“It really surprised me that it took that long for a wreck like Bobby’s. It was horrendous. What it proved was that cars could fly, especially when they went backward.”

Fast had become too fast at Talladega, and engine restrictor plates, which choked fuel and air to the big powerplants of the day, became standard at NASCAR’s fastest tracks. Throttle response lost some kick, eventually leading to the pack drafting that has been a signature of superspeedway racing for decades. Drivers couldn’t push the accelerator and drive away; even cars that were significantly slower could stay in the lead draft.

“To let off the gas and then put the gas pedal back down — there was nothing there, no acceleration,” Bodine said. “No one liked it. Drivers don’t like that kind of racing conditions.”

Although almost everyone involved with the sport understood the need to lessen safety concerns, especially in relation to spectators, cutting into the fast freedom associated with Talladega and Daytona wasn’t popular with many drivers. The big tracks were built for speed, they reasoned, and they wanted to run as close to the limit as possible. They wanted the design of the course and their driving skills to mark the limits on their speed, not the restrictor plate, which became a hated device.

“It was racing at Talladega until Bobby Allison got in the fence,” long-time team owner Richard Childress told NBC Sports. “That’s what changed the whole thing. When they put the plates on, Dale (Earnhardt) and I both went to (NASCAR president) Bill France Jr. and told him, ‘We’ll bring our bulldozers down here and cut one corner so we at least have to slow down without the plates.’ ”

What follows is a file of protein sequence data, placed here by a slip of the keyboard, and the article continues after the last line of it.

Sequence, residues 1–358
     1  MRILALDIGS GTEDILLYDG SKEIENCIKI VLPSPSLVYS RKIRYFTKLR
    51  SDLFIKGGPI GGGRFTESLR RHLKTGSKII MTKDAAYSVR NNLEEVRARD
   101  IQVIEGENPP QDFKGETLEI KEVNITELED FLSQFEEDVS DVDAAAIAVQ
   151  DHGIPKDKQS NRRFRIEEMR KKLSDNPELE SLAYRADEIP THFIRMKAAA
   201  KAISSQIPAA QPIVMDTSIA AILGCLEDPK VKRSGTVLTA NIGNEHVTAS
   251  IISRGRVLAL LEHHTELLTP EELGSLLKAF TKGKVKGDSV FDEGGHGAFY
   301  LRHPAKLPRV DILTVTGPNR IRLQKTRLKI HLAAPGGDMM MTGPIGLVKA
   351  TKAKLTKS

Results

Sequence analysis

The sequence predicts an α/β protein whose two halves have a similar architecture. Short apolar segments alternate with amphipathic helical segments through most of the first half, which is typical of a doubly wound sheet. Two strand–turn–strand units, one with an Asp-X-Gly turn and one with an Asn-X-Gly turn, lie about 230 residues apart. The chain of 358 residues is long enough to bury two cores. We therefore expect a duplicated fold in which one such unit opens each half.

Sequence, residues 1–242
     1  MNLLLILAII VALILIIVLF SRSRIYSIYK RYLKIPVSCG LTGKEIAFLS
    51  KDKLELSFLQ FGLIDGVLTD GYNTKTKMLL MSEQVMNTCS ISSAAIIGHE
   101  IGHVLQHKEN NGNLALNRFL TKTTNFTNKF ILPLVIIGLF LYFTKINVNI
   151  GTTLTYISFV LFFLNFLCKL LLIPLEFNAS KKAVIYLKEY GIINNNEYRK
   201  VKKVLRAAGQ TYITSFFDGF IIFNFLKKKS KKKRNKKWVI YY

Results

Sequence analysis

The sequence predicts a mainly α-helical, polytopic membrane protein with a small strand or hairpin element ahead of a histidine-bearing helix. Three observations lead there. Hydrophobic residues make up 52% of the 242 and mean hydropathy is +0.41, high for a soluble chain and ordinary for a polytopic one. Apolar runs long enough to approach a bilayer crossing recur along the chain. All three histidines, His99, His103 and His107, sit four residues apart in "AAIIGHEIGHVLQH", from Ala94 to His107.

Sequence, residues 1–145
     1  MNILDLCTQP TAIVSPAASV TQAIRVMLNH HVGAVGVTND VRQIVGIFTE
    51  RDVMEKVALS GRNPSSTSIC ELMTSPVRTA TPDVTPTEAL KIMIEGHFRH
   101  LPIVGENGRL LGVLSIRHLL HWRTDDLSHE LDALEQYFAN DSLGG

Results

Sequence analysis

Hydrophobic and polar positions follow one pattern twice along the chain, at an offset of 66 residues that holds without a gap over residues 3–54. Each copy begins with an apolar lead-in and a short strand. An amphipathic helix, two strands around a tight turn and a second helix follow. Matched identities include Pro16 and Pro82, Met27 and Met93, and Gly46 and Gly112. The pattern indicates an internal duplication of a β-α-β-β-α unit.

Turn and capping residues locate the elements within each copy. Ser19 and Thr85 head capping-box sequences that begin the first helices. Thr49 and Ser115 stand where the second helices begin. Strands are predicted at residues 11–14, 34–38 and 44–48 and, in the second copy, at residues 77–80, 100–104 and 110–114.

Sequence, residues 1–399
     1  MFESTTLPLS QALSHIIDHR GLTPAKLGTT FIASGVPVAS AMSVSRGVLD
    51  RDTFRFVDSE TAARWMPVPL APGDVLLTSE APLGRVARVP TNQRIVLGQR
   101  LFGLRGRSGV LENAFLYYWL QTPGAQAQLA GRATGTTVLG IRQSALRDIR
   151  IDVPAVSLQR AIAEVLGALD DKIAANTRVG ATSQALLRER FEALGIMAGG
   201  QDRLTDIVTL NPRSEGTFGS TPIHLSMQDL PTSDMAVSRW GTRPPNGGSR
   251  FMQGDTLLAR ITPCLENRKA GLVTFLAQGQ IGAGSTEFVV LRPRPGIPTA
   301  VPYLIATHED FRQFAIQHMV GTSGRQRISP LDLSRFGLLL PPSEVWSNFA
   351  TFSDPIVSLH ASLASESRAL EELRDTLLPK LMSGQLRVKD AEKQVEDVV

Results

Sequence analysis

The bulldozers remained quiet.

Talladega’s high banks remain formidable.

How much have things changed? Christopher Bell won the pole for both Talladega races last year. His April speed was 180.928 mph. In October, he ran 180.591 mph.



Jimmie Johnson: Building a team and pointing toward Le Mans


CONCORD, N.C. — These are busy days in the life of former NASCAR champion Jimmie Johnson.

Johnson is a co-owner of Legacy Motor Club, the Cup Series team that has struggled through a difficult first half of the season while it also is preparing for a switch from Chevrolet to Toyota next year.

Johnson is driving a very limited schedule for Legacy as he seeks to not only satisfy his passion for racing but also to gain knowledge as he tries to lift Legacy to another level. As part of that endeavor, he’ll race in the Coca-Cola 600 in Legacy’s No. 84 car, making his third appearance of the season.

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And, perhaps the biggest immediate to-do item on Johnson’s list: He’ll race June 10-11 in the 24 Hours of Le Mans, the world’s biggest endurance race and another of the bucket list races the 47-year-old Johnson will check off his list.